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Turf work

homas Eschete looks content. A broad smile spreads often and easily across his face as he describes the duties, pitfalls and rewards of running The Bridges golf course at Hollywood Casino Resort in Bay St. Louis.

Eschete says he loves the outdoors, and that's a key requirement for success in his job as golf course supervisor, a job he's held at The Bridges for about nine years. He calls the sights and sounds of the course breathtaking and beams when he mentions that the course, the only one on the Coast that's on casino property, was the first resort course in the world to attain Audubon International Silver Signature status. Attaining that status requires working on initial property design with Audubon International, a Selkirk, N.Y. -based company that educates developers about supporting the environment and requires that property managers maintain long-term sustainable resource management practices. At The Bridges, for instance, drainage from greens, buffers and vegetative swales goes into sumps before being discharged into water.

Also, the course is sensitive to wildlife. It provides houses for Eastern bluebirds. The houses are numbered, so Eschete's crew can do a nesting count and an egg count to see how many fledglings are produced each year. The course also contains miles of natural corridors so the wildlife can freely traverse the acreage.

Most courses have about 150 acres of turf to maintain. The Bridges has about 80, but, says Eschete: “It's a very intense 80 acres.” About 14 acres of the property are wetlands, which must be monitored and kept clean of non-native plants.

The property is so heavily wooded that once an employee got lost. He had set out to mow and noticed a golf ball on the edge of the woods. When he went to retrieve it, he noticed another a little deeper into the woods. He saw more and more, and before he knew it, he'd walked so far into the growth he couldn't see how to get out and didn't know from which direction he'd come. It took him about two hours of walking to find his way back to the main road and the clubhouse.

Eschete and his crew start work before daybreak seven days a week and are on call 24 hours a day. They mow every day and must start early to finish before golfers arrive. There are 10 mowers at The Bridges, and they do a handful of different jobs: some cut greens (cut to 1/8 inch); some cut fairways (cut to ½ inch); others are for tee boxes, inner roughs and outer roughs; and a hand mower is used to cut steep embankments.The crew has other daily tasks, like raking the bunkers — there are 55 of them. The course has to hit a hole in one on both function and form. Golfers want their courses to look like the ones they see on TV, Eschete says.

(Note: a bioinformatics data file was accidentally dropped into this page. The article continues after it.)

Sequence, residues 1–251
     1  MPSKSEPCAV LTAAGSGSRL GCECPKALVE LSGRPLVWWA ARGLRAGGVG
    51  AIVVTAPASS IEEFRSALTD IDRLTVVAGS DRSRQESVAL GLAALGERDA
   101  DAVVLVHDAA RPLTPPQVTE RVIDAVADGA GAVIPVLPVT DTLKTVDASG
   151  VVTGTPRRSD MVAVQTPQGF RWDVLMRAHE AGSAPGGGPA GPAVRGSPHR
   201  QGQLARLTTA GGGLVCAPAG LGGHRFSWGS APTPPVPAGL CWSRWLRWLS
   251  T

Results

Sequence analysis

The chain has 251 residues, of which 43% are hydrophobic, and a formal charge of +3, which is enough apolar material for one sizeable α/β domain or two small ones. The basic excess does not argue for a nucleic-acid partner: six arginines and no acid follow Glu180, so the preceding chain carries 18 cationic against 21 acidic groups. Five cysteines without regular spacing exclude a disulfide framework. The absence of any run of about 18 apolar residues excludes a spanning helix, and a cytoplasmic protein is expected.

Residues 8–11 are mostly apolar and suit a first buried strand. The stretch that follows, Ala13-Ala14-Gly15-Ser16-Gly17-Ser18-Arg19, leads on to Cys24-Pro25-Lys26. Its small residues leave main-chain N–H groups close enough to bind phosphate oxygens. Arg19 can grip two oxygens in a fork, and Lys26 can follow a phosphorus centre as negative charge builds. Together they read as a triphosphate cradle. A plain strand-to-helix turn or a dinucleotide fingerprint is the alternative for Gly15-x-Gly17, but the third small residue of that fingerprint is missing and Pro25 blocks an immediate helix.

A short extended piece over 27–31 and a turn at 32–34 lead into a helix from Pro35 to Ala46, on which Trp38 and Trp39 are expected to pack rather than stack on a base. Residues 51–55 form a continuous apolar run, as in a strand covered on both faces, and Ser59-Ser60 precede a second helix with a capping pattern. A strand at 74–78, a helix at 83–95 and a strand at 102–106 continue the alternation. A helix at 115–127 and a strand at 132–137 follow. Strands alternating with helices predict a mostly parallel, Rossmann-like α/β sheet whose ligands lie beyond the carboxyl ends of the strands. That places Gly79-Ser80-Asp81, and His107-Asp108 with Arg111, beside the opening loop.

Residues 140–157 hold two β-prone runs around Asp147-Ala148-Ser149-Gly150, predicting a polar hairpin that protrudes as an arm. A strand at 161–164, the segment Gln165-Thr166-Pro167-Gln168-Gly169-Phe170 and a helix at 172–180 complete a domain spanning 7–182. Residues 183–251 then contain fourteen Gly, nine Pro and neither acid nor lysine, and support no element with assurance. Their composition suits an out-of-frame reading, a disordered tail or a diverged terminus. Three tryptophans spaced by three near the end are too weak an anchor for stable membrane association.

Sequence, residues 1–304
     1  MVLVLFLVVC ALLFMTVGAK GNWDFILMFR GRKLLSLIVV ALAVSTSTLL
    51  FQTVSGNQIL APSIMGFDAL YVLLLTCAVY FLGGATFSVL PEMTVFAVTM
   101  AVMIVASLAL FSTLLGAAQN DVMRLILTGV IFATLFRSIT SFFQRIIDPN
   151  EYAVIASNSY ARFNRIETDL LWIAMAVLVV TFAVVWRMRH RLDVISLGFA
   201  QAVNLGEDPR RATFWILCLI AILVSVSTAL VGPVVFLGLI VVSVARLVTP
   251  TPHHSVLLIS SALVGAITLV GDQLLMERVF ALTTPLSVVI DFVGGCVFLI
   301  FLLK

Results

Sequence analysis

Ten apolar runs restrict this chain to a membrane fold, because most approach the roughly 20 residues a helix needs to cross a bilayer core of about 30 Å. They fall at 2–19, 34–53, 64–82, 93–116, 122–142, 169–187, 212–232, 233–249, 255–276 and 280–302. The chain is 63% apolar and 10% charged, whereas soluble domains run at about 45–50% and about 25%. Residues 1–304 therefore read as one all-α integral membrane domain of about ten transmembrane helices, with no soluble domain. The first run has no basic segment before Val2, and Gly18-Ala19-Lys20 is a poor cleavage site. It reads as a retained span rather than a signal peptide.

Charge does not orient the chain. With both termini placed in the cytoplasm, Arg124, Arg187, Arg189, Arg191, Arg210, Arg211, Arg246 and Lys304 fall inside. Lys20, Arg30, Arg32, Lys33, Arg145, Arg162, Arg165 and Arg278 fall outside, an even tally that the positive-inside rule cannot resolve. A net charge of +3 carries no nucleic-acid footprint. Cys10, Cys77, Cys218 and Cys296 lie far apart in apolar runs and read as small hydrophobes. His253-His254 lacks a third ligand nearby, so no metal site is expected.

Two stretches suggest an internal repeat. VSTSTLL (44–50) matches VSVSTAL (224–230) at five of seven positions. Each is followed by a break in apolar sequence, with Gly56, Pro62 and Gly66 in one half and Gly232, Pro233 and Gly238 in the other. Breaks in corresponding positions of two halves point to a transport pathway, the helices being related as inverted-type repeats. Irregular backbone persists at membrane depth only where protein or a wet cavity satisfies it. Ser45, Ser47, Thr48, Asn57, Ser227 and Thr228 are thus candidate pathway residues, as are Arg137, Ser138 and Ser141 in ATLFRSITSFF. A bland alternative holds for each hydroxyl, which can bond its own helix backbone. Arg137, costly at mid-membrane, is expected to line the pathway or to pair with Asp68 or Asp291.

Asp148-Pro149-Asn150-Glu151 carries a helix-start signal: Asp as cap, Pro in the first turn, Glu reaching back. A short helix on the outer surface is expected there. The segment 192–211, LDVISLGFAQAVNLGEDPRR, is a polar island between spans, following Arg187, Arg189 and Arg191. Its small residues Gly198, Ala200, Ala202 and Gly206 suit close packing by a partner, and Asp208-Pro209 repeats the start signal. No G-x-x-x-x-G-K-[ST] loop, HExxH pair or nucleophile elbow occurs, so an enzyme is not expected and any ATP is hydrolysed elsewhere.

The mowing machines must be constantly maintained, the irrigation continually tended to. The trickiest aspects? The unpredictability of Mother Nature, Eschete says. During a drought, the grass must not be overwatered. During last summer's drought, Eschete and crew conserved water for irrigation, and when they did water, they averaged using about 400,000 gallons, enough to fill almost 19 standard 16-foot by 32-foot backyard pools.

With too much rain, the grass can become susceptible to disease — which brings up a tip Eschete shares for taking care of home lawns. “During drought conditions grasses go into a dormancy condition. Overwatering can cause leaf and root diseases and leach essential nutrients from the soil. I know that this sounds silly, but stick your finger into the soil. If it is wet, reduce water. If it is getting dry, increase water. Monitoring is the key. Also, remember to turn off the sprinkler system during rainy times.” Eschete is happy to share his knowledge and expertise and often volunteers his time to help the local high school and soccer teams maintain their fields.

Eschete and crew have to stay on the lookout for damage done by wildlife. Wild pigs are like tillers, he says, and can destroy a lot of turf overnight. When they present an problem, they are captured by the U.S.D.A. There's also the dreaded army worm, which eats grass night and day and can eat about 2,000 square feet of turf overnight. But Eschete says it's a misconception to think that combating these assaults means having to use pesticides over the course's entire acreage. “We treat only the smallest area we need to,” he says. “We are not huge users of pesticides, and we get a bad rap for that.”

The diligence and hard work do pay off, though. Just a couple of accolades among many: Golf Digest rated The Bridges among the top 40 courses in the country in 2008-2009 and one of the best courses in the state fir 1999-2000, 2003-2004, and 2005-2007; a Zagat travel magazine survey named the course among America's top courses in 2003, 2007 and 2008, and gives it “must-play” status.

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